December 3, 2018 19:00 CET
WASHINGTON — Top executives of Volkswagen Group, Daimler and BMW have a balancing act to pull off when they meet with Trump administration officials Tuesday about potential tariffs on U.S. imports from Germany.
The automakers don’t want the U.S. to enact proposed levies of as much as 25 percent on billions of dollars worth of cars they ship in from Germany every year. But they will be careful not to become entangled in negotiations that rest squarely in the hands of European Union trade officials, according to people familiar with the matter.
VW CEO Herbert Diess, Daimler’s Dieter Zetsche and Harald Krueger of BMW were already scheduled to speak this week at an event organized by the German newspaper Handelsblatt. But with the EU talks at an impasse and a draft report circulating that could lead to levies, the companies accepted a White House invitation — with BMW Chief Financial Officer Nicolas Peter flying to the U.S. instead of his boss — said the people, who asked not to be named discussing non-public information. The manufacturers are seeking clarity to make long-term U.S. investment decisions, one of the people said.
The proposed duties would be devastating to U.S. sales of German-made models including Mercedes-Benz S-class sedans, Porsche 911s and sporty BMW 3-series compacts. VW’s Porsche and Audi units would have their U.S. profits wiped out if the tariff was lifted to 25 percent from the current 2.5 percent, according to Bloomberg Intelligence. Overall, BI estimates vehicle sales valued at 23 billion euros ($26 billion) would be affected.
The executives are set to meet Tuesday morning with U.S. Trade Representative Robert Lighthizer, Commerce Secretary Wilbur Ross and National Economic Council director Larry Kudlow, the people said. There’s no indication that President Donald Trump will attend, they said.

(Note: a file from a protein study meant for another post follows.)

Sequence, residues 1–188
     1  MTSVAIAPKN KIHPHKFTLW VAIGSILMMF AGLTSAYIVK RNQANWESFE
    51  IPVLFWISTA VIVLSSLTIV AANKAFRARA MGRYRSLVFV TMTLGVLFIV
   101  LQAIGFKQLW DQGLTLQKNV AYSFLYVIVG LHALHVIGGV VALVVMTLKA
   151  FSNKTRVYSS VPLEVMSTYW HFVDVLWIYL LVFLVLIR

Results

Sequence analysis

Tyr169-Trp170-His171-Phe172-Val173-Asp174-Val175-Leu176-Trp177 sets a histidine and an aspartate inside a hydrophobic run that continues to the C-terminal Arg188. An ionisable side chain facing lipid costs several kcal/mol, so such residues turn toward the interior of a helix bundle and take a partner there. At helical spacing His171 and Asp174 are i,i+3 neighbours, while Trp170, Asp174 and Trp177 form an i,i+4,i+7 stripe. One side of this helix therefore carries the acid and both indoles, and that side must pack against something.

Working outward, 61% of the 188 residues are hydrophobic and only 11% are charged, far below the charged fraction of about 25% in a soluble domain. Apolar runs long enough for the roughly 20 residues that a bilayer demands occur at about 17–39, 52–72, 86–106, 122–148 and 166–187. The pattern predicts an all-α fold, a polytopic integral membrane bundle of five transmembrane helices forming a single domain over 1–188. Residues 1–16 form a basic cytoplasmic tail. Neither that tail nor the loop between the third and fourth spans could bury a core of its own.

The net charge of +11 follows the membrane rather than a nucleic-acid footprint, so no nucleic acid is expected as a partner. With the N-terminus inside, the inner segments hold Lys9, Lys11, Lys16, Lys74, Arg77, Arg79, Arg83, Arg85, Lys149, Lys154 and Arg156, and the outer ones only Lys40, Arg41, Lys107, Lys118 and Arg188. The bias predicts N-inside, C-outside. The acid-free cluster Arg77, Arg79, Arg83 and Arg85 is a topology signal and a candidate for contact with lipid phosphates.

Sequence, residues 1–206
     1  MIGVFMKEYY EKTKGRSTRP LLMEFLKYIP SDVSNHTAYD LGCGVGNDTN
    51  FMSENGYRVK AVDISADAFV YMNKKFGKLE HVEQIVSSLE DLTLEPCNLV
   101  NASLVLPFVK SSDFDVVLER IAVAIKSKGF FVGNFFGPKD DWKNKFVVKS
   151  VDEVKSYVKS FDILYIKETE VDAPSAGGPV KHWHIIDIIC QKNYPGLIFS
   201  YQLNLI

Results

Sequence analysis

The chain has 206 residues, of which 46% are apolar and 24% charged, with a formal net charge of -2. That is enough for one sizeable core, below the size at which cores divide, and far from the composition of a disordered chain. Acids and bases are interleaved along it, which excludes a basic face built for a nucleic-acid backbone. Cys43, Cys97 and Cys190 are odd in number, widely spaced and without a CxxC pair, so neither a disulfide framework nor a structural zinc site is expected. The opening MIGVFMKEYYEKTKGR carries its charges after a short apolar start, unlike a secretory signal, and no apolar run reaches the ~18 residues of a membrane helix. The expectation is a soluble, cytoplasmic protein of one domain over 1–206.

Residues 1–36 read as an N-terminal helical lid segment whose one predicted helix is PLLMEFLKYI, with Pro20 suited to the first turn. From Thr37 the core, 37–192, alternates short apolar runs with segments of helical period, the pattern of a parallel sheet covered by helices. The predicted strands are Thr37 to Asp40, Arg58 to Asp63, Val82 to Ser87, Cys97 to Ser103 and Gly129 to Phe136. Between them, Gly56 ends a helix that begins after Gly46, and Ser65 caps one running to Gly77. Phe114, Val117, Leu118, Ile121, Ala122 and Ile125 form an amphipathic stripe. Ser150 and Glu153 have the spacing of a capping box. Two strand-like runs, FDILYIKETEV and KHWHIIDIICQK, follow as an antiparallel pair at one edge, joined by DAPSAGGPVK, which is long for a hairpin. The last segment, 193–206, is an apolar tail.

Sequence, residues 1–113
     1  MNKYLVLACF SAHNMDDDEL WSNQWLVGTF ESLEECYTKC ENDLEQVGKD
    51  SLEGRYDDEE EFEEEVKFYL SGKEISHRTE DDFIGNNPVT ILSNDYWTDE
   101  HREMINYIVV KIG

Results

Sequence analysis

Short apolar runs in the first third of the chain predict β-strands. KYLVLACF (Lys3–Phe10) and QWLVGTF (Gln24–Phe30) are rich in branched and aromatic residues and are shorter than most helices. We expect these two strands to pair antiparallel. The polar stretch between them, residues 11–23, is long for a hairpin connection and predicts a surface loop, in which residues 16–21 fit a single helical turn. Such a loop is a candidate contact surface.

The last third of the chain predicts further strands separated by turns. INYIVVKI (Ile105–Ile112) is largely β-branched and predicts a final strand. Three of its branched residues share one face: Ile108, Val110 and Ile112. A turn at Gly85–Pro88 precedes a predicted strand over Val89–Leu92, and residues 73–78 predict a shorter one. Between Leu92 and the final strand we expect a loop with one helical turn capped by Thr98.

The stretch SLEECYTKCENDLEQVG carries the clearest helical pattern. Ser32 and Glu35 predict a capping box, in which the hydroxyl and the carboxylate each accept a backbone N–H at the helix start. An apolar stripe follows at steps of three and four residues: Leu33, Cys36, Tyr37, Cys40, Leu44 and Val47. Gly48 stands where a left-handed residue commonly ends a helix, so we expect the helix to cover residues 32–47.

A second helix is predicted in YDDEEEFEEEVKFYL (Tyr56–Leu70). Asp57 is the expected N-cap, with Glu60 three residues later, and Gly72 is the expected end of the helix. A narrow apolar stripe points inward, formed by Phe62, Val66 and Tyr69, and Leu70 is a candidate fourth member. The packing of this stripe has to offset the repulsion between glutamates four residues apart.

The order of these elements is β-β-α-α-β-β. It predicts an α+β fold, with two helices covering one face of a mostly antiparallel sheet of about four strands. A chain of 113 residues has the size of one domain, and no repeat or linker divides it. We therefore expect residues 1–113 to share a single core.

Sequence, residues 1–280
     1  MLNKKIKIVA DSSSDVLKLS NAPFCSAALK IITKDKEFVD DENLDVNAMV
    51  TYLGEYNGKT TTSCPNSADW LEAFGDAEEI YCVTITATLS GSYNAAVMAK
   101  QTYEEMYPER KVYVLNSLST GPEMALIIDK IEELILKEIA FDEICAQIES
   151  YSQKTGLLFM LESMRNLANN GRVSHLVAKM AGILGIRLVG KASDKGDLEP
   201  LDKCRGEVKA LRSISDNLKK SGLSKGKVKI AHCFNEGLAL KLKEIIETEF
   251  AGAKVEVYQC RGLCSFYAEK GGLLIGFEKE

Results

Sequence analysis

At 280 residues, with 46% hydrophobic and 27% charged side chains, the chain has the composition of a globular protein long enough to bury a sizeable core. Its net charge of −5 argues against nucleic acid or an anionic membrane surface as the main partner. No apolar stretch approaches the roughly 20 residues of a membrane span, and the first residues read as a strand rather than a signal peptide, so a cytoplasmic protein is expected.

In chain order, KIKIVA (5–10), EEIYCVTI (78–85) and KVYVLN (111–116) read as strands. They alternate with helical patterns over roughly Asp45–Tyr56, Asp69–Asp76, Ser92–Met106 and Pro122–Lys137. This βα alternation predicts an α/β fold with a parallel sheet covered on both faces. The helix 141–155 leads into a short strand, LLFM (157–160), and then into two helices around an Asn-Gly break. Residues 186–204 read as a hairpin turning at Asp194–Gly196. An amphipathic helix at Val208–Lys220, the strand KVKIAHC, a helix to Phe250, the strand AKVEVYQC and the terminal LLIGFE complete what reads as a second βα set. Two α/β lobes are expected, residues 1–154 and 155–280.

The U.S. side has been frustrated by a lack of progress in EU talks and is eager to hear directly from the carmakers, one of the people said. Richard Grenell, the U.S. ambassador to Germany, played a role in setting up the White House meeting, while the German government has been prodding the EU to move forward in the broader trade talks. While the EU negotiations aren’t part of the agenda, the topic of increasing U.S. production and investment will be discussed, the people said.
EU Trade Commissioner Cecilia Malmstrom has already suggested to scrap tariffs on cars between the EU and the U.S. altogether. Auto industry officials have voiced support for the proposal, but it didn’t resonate with the U.S. side so far. The U.S. shields its light-truck market for bestsellers like Ford Motor Co.’s F-150 pickup with a 25 percent import tax.
BMW and Daimler are also exposed to another white-knuckle trade negotiation involving the U.S. The two German companies account for six of the 10 top-selling vehicles made in the U.S. and exported to China. The Asian country, locked in a trade war with the U.S., has slapped a 25 percent surcharge on those cars.
Trump tweeted early Monday that China was poised to “reduce and remove” the extra tariffs after he met with his counterpart, Xi Jinping, at the Group of 20 summit in Argentina over the weekend. The Chinese declined to comment on any changes.
A U.S.-China trade resolution would boost BMW and Mercedes’ 2019 earnings by as much as 500 million euros each before interest and taxes, according to Bloomberg Intelligence estimates.
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